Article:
If there is a record for the number of times the word “fuck” was said in an opening monologue, Patricia Cornelius’ Shit, playing as part of this year’s MTC Neon Festival, has just broken it.

Shit is a show about women. It is about those women we hate, though we would never admit it. It’s about the women we are scared of, those we shy away from on public transport, the women we cross the road to avoid. It’s about the women who fight and spit and swear and scream. The women who stare at you – into you – demanding you do something to stop them, until you shrink away and pretend they don’t exist.

These women are rarely seen – truly seen – in real life let alone in a theatre, much less a respectable, main-stage theatre attended by middle-class audience members who sip on their Riesling and discuss the merits of modern art. But in Shit, these women demand to be seen. “You don’t want to hear our stories? Fuck off,” they say early in the play. And although a part of you wants to run away, you don’t. Partly because you can’t without disrupting the performance, but mostly because there is an energy, a humour, a life to these women that deserves your attention.

Cornelius’ script is cutting, funny and tragic. It tells the story of three women –Billy (Nicci Wilks), Bobby (Sarah Ward) and Sam (Peta Brady) – all from an impoverished, forgotten underclass, who find themselves in prison together after a vicious incident. They comfort each other and fight with each other, exchanging terrifying war stories of abuse, sex, drugs, self-harm, violence and crime. Billy insists she never cries; Sam wants a baby to love, only to be ridiculed by the others. Bobby doesn’t even want to be a woman and, in a stomach-churning rant, cloaks herself in the outside world’s misogyny as her last form of self-protection.

Cornelius’ subtle but wounding commentary on what it means to be a woman is what cuts deepest. What does being a woman even look like? What happens when you’re not a woman in the right way? What happens when you try your best to be a good woman but you are still abused and violated? What sort of women will we allow in our world, and what sort of women get kicked into the shadows?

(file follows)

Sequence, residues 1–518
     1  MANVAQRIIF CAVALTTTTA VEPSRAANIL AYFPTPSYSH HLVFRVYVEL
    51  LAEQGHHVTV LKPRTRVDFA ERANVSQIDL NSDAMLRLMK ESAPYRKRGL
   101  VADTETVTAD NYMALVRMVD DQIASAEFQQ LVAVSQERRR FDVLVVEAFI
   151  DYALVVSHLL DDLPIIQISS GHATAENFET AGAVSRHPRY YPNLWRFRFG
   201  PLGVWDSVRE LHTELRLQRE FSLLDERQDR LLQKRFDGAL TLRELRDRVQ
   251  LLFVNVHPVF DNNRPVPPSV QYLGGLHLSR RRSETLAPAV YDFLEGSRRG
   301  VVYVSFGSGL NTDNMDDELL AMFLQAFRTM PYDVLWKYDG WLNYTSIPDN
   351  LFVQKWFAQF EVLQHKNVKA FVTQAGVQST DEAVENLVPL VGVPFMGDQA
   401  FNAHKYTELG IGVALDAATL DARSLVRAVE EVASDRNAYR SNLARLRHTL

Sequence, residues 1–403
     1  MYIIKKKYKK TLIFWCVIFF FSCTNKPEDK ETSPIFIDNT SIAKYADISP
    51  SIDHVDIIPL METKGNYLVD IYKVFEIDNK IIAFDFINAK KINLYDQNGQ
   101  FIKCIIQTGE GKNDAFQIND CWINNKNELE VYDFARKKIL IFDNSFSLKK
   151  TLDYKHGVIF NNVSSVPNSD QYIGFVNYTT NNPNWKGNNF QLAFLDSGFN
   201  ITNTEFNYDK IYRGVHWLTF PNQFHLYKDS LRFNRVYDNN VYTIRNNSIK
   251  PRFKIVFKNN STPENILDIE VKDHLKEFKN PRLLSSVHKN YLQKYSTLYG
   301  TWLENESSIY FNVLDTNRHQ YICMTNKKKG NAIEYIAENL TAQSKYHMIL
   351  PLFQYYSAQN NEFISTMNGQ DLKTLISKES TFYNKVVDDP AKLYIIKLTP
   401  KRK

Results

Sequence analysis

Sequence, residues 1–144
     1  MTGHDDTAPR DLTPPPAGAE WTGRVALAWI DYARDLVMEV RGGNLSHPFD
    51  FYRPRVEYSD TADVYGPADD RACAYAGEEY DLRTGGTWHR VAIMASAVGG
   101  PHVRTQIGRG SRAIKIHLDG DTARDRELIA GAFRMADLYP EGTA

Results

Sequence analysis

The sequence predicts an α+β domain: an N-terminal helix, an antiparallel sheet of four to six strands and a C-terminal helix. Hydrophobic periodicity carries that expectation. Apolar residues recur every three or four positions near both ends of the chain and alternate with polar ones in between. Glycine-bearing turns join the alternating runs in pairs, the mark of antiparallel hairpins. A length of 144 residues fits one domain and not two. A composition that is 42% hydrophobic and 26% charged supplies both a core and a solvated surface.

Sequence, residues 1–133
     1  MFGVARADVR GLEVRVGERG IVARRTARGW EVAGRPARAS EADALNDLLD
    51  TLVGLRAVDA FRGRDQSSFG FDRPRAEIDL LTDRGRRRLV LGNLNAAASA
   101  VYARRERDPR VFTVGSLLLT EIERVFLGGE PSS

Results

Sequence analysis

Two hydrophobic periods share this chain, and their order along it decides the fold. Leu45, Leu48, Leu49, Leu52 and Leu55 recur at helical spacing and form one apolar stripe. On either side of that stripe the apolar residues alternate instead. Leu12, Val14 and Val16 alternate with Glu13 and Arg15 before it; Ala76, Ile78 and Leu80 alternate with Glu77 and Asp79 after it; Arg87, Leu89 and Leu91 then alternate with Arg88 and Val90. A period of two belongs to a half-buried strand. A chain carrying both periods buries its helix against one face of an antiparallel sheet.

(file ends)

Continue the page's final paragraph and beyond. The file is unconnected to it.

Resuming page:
The performances from all three actors are striking, nuanced, flawed and deeply human. Wilks is electrifying as the unapologetic, angry Billy. Brady imbues Sam with both strength and vulnerability, without losing her irreverence and venom. Ward’s Bobby is similarly light and dark, but filled with a rage that forever threatens to split her open.

Marg Howell’s set is all at once claustrophobic and huge. Its colourless, empty, far-reaching space is interrupted with three cubes cut into a wall, which confine the women and unite them, inciting both movement and stillness. Howell’s costumes strike a fine balance between familiarity – we have all seen these women on the train – and individuality. Lighting design by Rachel Burke works beautifully to evoke the scary darkness and lighter moments of connection in these women’s lives. It is stark and uncomfortable, which is complex in ideas but deceptively simple. Similarly, sound design by Anna Liebzeit is eerie and affecting. Stage manager Bec Moore is to be commended for her flawless execution.

Director Susie Dee has done a marvellous job moulding the actor’s performances and amplifying Cornelius’ script, which really highlights the humanness of the women’s stories. It would have been interesting to see the physical theatre elements explored further, as there is potential for the silent use of bodies to broaden and deepen the issues so deftly illuminated throughout the play.

Shit is an exercise in challenging an audience: We are just like you, these three women seem to say. We’re shit. You’re shit. Just different kinds of shit. You could have been us if things were different, and we could have been just like you.

Shit is uncomfortable, upsetting and haunting. It is a confronting, terrifying reminder of the lives that go wrong, the lives that were doomed before they even began, and the little we do to stop it.